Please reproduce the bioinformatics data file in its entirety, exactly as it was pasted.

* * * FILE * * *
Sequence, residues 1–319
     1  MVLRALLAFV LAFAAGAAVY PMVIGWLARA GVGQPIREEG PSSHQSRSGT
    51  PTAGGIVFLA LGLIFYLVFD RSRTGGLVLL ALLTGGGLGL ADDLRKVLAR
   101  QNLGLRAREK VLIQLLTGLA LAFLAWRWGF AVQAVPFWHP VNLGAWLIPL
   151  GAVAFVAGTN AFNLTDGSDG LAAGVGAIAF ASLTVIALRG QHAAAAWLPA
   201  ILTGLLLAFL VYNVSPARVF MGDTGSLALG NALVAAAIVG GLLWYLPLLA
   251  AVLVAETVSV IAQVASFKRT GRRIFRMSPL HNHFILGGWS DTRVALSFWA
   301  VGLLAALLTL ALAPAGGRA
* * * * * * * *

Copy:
Sequence, residues 1–319
     1  MVLRALLAFV LAFAAGAAVY PMVIGWLARA GVGQPIREEG PSSHQSRSGT
    51  PTAGGIVFLA LGLIFYLVFD RSRTGGLVLL ALLTGGGLGL ADDLRKVLAR
   101  QNLGLRAREK VLIQLLTGLA LAFLAWRWGF AVQAVPFWHP VNLGAWLIPL
   151  GAVAFVAGTN AFNLTDGSDG LAAGVGAIAF ASLTVIALRG QHAAAAWLPA
   201  ILTGLLLAFL VYNVSPARVF MGDTGSLALG NALVAAAIVG GLLWYLPLLA
   251  AVLVAETVSV IAQVASFKRT GRRIFRMSPL HNHFILGGWS DTRVALSFWA
   301  VGLLAALLTL ALAPAGGRA